Meanwhile, Eric notes how demand for most metals has continued to climb higher. That’s why their prices are starting to rise from multiyear lows … and are likely to rise much higher over the coming years:
During the last four months, the CRB Index of commodity prices has bounced about 40%. But even so, it remains nearly 70% below the all-time high it hit in 2008. That means the upside potential is large.
But there’s a reason why this particular supercycle might be one for the ages. It involves a paradigm shift.
Back to Eric to explain:
That paradigm shift is what I’ve been calling the Second Electric Revolution — the massive global migration toward “green technologies” like electric vehicles (EVs), renewable energy, and energy storage.
All of these innovations are “metal hogs.”
The average solar power project, for example, requires about five times as much copper per megawatt of capacity as a conventional fossil fuel plant. Offshore wind farms demand about 10 times as much.
The global battery market is also gobbling up a growing percentage of global metal supplies.
Demand from lithium-ion batteries has grown more than 20-fold in the past 10 years.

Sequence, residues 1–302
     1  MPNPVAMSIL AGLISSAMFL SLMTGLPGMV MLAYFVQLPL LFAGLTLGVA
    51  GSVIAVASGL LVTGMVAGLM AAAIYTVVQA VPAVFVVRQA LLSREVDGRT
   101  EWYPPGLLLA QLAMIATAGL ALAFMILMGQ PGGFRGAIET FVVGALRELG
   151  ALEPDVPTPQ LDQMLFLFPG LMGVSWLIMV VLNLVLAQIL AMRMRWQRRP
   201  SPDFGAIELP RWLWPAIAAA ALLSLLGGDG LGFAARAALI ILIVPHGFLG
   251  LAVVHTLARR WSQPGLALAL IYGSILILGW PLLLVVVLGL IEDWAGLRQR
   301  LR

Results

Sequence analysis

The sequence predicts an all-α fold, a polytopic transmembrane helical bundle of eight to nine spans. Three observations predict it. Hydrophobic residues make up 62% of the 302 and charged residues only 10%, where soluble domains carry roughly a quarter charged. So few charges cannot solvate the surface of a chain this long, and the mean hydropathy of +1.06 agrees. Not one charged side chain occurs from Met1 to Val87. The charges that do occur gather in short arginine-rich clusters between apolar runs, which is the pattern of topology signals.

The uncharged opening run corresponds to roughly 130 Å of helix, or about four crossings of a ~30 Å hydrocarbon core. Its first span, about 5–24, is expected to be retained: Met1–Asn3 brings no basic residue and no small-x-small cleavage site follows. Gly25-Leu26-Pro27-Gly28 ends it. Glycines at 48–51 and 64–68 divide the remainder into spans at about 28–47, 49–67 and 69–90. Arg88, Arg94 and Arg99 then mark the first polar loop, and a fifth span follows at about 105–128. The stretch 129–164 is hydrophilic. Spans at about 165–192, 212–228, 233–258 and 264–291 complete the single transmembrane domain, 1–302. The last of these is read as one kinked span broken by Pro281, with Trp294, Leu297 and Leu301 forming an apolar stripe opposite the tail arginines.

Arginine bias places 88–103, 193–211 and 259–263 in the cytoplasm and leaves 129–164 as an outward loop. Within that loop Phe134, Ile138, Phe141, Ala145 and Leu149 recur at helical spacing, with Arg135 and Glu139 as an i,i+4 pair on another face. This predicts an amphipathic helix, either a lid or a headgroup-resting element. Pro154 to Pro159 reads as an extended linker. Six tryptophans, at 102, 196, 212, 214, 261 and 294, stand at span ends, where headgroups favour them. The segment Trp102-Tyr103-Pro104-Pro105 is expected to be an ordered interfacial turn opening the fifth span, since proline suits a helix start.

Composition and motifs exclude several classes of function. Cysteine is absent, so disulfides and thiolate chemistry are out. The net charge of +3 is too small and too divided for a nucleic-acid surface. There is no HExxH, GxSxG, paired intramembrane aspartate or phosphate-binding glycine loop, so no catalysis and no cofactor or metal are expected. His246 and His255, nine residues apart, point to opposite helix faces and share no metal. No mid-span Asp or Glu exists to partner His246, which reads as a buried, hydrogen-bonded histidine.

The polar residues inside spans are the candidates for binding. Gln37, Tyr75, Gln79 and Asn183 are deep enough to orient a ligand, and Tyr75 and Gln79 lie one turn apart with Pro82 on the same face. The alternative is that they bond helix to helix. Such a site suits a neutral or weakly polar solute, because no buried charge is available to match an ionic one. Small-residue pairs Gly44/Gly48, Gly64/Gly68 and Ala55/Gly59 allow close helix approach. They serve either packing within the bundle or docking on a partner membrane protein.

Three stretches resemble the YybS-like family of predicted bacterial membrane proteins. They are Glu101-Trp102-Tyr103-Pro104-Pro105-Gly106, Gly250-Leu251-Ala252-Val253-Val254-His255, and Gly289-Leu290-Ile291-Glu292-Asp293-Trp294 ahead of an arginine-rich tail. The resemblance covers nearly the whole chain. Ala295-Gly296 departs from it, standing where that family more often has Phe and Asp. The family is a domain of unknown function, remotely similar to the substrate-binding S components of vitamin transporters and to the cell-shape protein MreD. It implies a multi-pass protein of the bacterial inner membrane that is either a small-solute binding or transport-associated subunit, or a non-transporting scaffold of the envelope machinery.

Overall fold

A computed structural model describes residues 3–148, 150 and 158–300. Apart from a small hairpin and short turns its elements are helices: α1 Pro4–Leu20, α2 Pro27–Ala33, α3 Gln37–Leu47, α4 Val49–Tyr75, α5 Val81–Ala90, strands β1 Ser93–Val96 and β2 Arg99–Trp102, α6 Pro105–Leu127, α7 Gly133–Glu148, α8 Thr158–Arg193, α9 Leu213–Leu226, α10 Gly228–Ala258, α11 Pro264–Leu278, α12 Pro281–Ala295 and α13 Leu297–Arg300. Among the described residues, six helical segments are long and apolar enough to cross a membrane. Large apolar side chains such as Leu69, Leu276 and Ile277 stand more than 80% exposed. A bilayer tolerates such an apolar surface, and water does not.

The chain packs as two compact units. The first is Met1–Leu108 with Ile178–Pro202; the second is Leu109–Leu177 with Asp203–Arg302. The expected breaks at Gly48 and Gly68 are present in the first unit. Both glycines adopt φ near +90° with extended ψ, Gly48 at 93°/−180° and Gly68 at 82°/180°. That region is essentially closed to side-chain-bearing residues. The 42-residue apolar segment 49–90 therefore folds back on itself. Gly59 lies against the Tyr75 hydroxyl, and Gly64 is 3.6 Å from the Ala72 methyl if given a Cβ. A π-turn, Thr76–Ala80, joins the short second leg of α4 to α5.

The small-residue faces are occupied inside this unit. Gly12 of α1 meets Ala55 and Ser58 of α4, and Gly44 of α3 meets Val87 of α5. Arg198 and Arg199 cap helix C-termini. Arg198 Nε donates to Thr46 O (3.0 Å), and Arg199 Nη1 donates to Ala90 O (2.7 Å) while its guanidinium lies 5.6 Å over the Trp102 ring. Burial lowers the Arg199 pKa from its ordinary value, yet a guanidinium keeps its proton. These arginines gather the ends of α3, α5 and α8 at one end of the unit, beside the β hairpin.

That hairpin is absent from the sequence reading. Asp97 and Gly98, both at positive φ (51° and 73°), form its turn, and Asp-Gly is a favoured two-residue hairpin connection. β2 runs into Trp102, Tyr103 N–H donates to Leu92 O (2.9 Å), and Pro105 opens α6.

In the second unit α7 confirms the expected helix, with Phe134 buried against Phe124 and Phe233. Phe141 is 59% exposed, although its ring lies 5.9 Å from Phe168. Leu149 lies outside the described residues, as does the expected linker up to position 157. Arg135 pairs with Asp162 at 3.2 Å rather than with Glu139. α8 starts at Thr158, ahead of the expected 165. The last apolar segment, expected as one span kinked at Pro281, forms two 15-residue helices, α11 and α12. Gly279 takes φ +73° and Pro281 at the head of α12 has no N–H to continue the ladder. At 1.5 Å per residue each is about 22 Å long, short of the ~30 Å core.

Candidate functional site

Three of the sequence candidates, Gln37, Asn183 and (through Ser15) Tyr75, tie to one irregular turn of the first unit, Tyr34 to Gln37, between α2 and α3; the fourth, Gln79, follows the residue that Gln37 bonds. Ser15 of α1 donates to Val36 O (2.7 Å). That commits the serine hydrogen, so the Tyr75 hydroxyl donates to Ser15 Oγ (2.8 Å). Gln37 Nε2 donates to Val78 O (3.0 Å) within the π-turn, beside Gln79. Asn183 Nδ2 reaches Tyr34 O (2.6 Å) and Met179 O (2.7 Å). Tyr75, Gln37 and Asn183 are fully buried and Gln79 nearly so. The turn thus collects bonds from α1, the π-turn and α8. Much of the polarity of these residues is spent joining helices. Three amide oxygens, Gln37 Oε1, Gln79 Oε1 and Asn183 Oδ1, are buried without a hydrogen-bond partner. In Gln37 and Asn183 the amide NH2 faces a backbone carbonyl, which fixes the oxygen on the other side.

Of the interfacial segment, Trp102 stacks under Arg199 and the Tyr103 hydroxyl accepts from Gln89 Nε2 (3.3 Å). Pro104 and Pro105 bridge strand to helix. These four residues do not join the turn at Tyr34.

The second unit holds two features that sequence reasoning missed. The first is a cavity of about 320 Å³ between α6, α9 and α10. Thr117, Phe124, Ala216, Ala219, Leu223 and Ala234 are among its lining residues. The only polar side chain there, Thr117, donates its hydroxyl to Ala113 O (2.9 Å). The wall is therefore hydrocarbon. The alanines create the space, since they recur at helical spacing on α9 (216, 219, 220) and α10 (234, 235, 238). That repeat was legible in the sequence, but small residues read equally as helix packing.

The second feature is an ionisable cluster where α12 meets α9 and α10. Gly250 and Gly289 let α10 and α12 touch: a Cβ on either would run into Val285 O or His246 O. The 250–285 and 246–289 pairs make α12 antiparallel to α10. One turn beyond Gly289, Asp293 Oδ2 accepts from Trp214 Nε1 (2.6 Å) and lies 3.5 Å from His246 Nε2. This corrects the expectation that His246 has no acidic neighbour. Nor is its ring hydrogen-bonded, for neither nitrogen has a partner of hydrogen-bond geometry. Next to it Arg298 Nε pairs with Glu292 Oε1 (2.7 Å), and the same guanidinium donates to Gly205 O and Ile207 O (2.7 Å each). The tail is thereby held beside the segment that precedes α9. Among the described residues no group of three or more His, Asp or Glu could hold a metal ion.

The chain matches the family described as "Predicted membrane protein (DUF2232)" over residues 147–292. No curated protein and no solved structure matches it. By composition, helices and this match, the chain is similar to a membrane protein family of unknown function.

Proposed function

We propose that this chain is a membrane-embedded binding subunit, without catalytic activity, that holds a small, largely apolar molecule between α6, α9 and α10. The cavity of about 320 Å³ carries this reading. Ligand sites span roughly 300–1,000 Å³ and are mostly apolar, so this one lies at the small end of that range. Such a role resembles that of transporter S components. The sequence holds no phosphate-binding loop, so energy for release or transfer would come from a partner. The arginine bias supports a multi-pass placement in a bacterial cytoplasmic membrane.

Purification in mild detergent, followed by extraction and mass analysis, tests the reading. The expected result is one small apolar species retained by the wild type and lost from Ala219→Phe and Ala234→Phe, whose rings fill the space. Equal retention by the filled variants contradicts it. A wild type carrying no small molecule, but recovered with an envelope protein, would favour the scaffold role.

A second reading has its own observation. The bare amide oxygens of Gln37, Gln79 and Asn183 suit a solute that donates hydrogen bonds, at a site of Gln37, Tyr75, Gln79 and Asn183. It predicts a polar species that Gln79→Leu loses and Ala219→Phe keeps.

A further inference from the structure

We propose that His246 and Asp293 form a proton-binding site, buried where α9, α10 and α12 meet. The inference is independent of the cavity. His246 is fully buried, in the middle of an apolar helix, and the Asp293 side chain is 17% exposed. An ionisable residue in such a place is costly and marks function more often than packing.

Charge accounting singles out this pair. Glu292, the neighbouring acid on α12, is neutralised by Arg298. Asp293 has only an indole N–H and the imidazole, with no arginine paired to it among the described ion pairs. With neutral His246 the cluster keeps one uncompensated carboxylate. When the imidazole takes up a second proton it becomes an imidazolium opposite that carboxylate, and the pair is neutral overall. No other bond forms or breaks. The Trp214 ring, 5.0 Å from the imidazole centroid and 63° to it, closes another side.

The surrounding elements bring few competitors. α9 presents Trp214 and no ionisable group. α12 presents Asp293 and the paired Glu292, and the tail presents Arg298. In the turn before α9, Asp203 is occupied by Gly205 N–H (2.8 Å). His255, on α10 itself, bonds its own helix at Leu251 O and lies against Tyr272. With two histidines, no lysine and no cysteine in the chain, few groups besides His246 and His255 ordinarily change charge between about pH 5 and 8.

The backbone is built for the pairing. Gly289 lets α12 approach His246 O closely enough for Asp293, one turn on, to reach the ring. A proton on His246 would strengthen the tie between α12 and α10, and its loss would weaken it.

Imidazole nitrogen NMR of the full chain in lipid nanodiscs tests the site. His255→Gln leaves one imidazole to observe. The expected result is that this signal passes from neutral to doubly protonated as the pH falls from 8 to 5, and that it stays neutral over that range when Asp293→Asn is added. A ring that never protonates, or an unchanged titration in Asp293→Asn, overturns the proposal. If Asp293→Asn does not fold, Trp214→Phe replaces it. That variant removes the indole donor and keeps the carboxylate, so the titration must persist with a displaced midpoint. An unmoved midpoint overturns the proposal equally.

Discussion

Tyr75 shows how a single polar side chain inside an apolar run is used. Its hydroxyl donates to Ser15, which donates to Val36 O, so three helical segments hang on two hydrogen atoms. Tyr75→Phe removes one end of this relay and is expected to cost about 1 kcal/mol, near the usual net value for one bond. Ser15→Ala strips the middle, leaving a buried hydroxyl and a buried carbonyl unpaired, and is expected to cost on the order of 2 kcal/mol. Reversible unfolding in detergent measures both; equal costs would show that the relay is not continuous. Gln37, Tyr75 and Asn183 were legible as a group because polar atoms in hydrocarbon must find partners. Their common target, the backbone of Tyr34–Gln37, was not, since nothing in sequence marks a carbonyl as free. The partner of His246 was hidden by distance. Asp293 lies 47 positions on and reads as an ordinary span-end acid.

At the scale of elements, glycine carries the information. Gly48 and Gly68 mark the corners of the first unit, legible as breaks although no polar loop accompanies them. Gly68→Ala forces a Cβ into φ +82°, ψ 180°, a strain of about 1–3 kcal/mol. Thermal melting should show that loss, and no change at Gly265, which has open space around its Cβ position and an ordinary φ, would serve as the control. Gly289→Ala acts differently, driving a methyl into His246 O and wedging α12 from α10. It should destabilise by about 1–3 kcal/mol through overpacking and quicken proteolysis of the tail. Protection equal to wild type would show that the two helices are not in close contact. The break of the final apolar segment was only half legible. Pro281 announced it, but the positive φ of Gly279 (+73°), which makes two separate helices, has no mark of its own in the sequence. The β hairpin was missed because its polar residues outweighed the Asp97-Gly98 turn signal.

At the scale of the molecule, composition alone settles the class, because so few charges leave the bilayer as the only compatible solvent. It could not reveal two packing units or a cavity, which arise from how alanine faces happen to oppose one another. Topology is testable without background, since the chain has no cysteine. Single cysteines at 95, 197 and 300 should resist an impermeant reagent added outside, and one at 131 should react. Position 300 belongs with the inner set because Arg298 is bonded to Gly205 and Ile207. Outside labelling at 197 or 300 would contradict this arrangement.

Looking ahead, Bloomberg New Energy Finance (BNEF) predicts nickel demand for EV batteries will skyrocket 14 times over by 2030. The chart below shows a range of similarly mind-boggling demand projections for other industrial metals.
The combination of new demand sources, atop traditional demand sources, could produce an explosive commodity supercycle.
As to potential gains from this supercycle, Eric lays out a few hypotheticals involving the CRB Index.
If the index rises to its long-term midpoint of 288, that would be a 95% gain …
If it climbs to its all-time-high, that would mean 220% growth …
And if it rises to the midlevel of its ratio to the S&P 500 Index, it would tack on 360%.
***How to play this commodities supercycle
In past cycles, Eric has recommended various resource stocks — from nickel and copper miners, to uranium producers, to oil and gas companies.
One such play is the stock from the top of this Digest — Freeport-McMoRan.
You could also look at Antofagasta Plc (ANFGF), a Chilean copper miner.
As a third potential play, there’s Cameco Corp. (CCJ), a Canadian uranium producer.
For Eric’s actual Investment Report recommendation, he’s found a low-cost way to get exposure to both copper and nickel.
If the prices of these commodities take off as Eric anticipates, this recommendation will boom. You can learn more about it as an Investment Report subscriber by clicking here.
As we wrap up, I’ll gave Eric the final word:
… the trend is clear. And this trend points quite clearly to booming demand for battery metals.
As these metals climb from their lows, look for them to lead the entire CRB Index higher. This new commodity supercycle could produce the mother of all mean regressions …
The base metals boom is here … and so is a brand-new commodity supercycle.
Have a good evening,